How do you choose the right vector database? In some cases, it may depend on the tech stack your team is already using. Stack Overflow went with Weaviate in part because it allowed us to continue using PySpark, which was the initial choice for our OverflowAI efforts. On the other hand, you may have a database provider, like MongoDB, which has been serving you well. Mongo now includes vectors as part of their OLTP DB, making it easy to integrate with your existing deployments. Expect this to be standard for database providers in the future. As Louis Brady, VP of Engineering at Rockset explained, most companies will find that a hybrid approach combining a vector database with your existing system offers you the most flexibility and the best results.
How do you get your data into the vector database in a way that accurately organizes it by the content? For that, you’ll need an embedding model. This is the software system which will take your text and convert it to the array of numbers you store in the vector database. There are a lot to choose from, and they vary greatly in cost and complexity. For this article, we’ll focus on embedding models that work with text, although embedding models can also be used to organize information about other types of media, like images or songs.
As Dale Markowitz wrote on the Google Cloud blog, “If you’d like to embed text–i.e. to do text search or similarity search on text–you’re in luck. There are tons and tons of pre-trained text embeddings free and easily available.” One example is the Universal Sentence Decoder, which “encodes text into high-dimensional vectors that can be used for text classification, semantic similarity, clustering, and other natural language tasks.” With just a few lines of Python code, you can prepare your data for a GenAI chatbot-style interface. If you want to take things a step further, Dale also has a great tutorial on how to prototype a language-powered app using nothing more than Google Sheets and a plugin called Semantic Reactor.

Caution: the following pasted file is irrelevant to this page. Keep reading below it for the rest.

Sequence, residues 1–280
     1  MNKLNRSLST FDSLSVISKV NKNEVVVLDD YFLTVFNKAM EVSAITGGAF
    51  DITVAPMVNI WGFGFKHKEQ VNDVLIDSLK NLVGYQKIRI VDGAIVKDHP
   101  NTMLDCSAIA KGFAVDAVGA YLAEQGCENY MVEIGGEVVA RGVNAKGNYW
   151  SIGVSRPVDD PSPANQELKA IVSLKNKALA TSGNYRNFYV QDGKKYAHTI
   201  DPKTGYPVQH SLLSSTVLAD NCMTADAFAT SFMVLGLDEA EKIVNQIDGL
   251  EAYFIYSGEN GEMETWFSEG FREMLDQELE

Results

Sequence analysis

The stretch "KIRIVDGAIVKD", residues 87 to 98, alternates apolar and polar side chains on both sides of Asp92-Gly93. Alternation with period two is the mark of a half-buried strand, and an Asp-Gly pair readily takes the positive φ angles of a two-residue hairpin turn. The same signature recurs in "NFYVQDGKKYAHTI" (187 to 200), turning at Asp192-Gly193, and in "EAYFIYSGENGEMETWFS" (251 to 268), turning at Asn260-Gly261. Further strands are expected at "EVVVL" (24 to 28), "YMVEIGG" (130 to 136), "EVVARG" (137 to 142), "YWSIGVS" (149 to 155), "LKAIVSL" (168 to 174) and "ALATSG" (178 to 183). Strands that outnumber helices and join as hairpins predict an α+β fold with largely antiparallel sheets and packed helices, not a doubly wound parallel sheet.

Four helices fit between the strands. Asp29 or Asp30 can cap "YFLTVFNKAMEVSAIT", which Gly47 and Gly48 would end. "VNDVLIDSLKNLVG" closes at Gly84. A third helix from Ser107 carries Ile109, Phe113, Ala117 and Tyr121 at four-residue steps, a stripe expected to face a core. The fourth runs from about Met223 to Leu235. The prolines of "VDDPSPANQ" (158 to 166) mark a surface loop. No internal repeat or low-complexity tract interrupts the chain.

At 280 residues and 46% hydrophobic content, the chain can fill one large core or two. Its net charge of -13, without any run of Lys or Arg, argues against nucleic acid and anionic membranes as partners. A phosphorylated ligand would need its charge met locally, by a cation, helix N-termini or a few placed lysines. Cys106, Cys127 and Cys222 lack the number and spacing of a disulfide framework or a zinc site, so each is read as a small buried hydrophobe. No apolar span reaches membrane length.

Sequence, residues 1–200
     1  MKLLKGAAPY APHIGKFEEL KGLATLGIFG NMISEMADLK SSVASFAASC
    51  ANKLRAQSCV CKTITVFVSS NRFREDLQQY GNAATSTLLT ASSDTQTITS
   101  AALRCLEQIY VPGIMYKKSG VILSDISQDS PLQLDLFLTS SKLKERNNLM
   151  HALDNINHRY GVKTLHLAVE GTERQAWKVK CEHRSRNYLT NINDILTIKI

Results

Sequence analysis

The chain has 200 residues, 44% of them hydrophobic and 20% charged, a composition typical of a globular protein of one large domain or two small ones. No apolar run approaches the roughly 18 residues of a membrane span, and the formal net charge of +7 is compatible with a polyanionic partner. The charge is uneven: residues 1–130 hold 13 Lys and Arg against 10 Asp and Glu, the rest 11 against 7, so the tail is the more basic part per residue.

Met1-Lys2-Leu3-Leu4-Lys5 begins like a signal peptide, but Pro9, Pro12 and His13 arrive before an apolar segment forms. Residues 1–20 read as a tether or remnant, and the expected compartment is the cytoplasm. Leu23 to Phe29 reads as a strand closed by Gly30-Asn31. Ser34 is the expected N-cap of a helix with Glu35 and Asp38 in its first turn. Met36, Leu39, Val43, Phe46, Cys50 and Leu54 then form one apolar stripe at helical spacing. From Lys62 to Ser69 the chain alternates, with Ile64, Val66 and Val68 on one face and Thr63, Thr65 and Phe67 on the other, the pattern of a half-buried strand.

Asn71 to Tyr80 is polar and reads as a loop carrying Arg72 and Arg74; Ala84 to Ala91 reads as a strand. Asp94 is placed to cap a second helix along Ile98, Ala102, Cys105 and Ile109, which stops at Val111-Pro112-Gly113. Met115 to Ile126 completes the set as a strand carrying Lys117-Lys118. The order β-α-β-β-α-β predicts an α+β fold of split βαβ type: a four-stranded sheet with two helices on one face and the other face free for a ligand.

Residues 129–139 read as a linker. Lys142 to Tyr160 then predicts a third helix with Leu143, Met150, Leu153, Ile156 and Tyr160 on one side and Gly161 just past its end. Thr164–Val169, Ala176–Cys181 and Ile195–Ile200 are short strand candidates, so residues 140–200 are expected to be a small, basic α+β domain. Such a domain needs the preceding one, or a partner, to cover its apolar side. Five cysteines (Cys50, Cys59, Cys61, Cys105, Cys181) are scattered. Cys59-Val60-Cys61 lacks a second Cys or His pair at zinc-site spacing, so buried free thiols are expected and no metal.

You’ll need to evaluate the tradeoffs between the time and cost of putting huge amounts of text into your embedding model and how thinly you slice the text, which is usually chunked into sections like chapters, pages, paragraphs, sentences, or even individual words. The other tradeoff is the precision of the embedding model — how many decimal places to use on vectors, as each decimal place increases in size. Over thousands of vectors for millions of tokens, this adds up. You can use techniques like quantization to shrink the model down, but it’s best to consider the amount of data and degree of detail you’re looking for before you choose which embedding method is right for you.
Retrieval Augmented Generation (RAG)
Big AI models read the internet to gain knowledge. That means they know the earth is round…and they also know that it’s flat.